Psychology economy is false

3rd February 2012 at 00:00

Following the Scottish government's announcement of the removal of funding for postgraduate training of educational psychologists (TESS, 20 January), the EIS has welcomed the opportunity to join the educational psychologists' workforce planning group. But it is disappointing that there appears to be no scope to defer a decision on the removal of funding support, pending a more detailed discussion of a full audit to identify future need and consider alternative funding models.

The EIS is fully aware of the current financial problems. However, the decision to bring the postgraduate qualification for educational psychologists in line with other postgraduate courses funded by education misses the fact that the two-year training and the probationary year are required to meet Health Professions CouncilBritish Psychological Society requirements to practise as an educational psychologist. Few may wish to give up employment to study for two years with a probationary year to follow, and this could affect the numbers and quality of prospective students.

We believe the Dundee course, due to commence this autumn, is now at risk, which raises concern that there will be a significant problem in recruitment. This will impact disproportionately on outlying areas in Scotland.

The survey conducted by the Association of Scottish Principal Educational Psychologists (ASPEP) clearly sets out the risk the Scottish government is taking, but it does not address the level of service cuts hitherto in educational psychology services across the majority of Scotland's councils.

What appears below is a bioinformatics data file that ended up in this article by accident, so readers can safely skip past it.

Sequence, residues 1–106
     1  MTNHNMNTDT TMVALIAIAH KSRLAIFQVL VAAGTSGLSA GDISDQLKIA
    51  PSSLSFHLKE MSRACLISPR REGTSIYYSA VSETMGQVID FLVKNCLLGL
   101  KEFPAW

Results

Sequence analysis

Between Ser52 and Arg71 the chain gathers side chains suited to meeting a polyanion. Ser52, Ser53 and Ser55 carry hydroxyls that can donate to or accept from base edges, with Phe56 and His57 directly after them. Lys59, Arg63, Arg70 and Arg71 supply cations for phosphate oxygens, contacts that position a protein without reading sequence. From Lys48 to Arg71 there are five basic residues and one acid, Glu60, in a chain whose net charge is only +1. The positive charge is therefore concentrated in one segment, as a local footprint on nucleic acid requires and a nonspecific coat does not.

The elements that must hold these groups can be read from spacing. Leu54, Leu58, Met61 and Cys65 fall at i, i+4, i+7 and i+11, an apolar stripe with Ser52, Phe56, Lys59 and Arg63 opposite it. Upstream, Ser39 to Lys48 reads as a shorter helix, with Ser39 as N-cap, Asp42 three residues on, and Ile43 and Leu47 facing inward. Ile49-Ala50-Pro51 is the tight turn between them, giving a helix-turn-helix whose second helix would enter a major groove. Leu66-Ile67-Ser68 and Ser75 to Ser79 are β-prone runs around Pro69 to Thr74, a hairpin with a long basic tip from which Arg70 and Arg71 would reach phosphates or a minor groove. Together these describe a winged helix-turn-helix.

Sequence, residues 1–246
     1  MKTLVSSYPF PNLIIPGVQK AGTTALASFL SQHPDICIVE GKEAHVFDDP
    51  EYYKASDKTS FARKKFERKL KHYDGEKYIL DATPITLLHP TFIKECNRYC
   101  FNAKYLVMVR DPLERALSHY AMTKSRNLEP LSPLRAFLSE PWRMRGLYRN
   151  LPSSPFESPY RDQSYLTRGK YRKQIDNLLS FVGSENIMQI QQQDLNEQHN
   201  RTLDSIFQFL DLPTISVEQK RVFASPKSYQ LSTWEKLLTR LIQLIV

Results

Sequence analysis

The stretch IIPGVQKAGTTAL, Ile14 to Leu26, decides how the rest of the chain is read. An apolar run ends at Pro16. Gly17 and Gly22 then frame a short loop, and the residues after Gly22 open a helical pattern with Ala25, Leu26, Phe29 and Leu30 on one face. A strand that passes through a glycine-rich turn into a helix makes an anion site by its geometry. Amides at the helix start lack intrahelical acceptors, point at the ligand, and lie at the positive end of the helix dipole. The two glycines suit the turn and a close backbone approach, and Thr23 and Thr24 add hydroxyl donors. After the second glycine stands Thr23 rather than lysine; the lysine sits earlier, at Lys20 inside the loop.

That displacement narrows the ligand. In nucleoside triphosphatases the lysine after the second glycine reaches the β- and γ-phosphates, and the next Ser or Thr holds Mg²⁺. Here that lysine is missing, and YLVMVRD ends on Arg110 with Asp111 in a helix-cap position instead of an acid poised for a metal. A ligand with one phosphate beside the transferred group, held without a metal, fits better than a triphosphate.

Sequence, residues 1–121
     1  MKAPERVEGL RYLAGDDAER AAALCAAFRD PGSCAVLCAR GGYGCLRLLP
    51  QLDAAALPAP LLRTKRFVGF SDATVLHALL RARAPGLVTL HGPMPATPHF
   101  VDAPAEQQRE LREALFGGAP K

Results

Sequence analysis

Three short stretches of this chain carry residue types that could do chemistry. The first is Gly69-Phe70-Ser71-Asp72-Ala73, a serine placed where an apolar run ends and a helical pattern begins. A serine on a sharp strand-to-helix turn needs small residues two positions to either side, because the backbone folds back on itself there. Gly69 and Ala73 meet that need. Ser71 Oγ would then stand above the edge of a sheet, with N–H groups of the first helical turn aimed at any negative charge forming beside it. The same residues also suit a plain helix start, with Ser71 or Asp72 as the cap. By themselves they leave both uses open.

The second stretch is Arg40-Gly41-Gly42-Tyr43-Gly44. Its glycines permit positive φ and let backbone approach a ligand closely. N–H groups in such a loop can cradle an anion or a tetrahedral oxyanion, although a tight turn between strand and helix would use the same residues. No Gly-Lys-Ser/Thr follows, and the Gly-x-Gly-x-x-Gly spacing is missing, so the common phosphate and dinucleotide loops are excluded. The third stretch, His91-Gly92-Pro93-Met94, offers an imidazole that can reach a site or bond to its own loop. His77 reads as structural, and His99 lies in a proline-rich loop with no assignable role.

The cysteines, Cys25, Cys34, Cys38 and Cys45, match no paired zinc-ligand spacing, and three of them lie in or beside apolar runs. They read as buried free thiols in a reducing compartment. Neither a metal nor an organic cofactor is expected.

Staffing shortages would prevent educational psychologists from making a stronger contribution across education as a whole, as recommended in the recent ASPECT report.

We are afraid that the psychological services will be run on a crisis management basis and that Scottish councils will be further exposed to risk of legal challenge. This would also impact on the government's commitment to improving the potential of all children.

Just as there is a need to establish a national standard for teacher numbers, there is an equal need for a national staffing standard for educational psychologists, against which the ASPEP survey could be considered. This would in turn allow a projection against which demand could be reasonably established and which would allow a more detailed debate on supply.

The EIS is asking the Scottish government to defer a decision on longer- term funding arrangements, to maintain the current arrangement for the course which will start at Dundee this autumn and in the meantime to consider both demand issues and alternative funding models.

Drew Morrice, assistant secretary, EIS.

Log-in as an existing print or digital subscriber

Forgotten your subscriber ID?


To access this content and the full TES archive, subscribe now.

View subscriber offers


Get TES online and delivered to your door – for less than the price of a coffee

Save 33% off the cover price with this great subscription offer. Every copy delivered to your door by first-class post, plus full access to TES online and the TES app for just £1.90 per week.
Subscribers also enjoy a range of fantastic offers and benefits worth over £270:

  • Discounts off TES Institute courses
  • Access over 200,000 articles in the TES online archive
  • Free Tastecard membership worth £79.99
  • Discounts with Zipcar,, Virgin Wines and other partners
Order your low-cost subscription today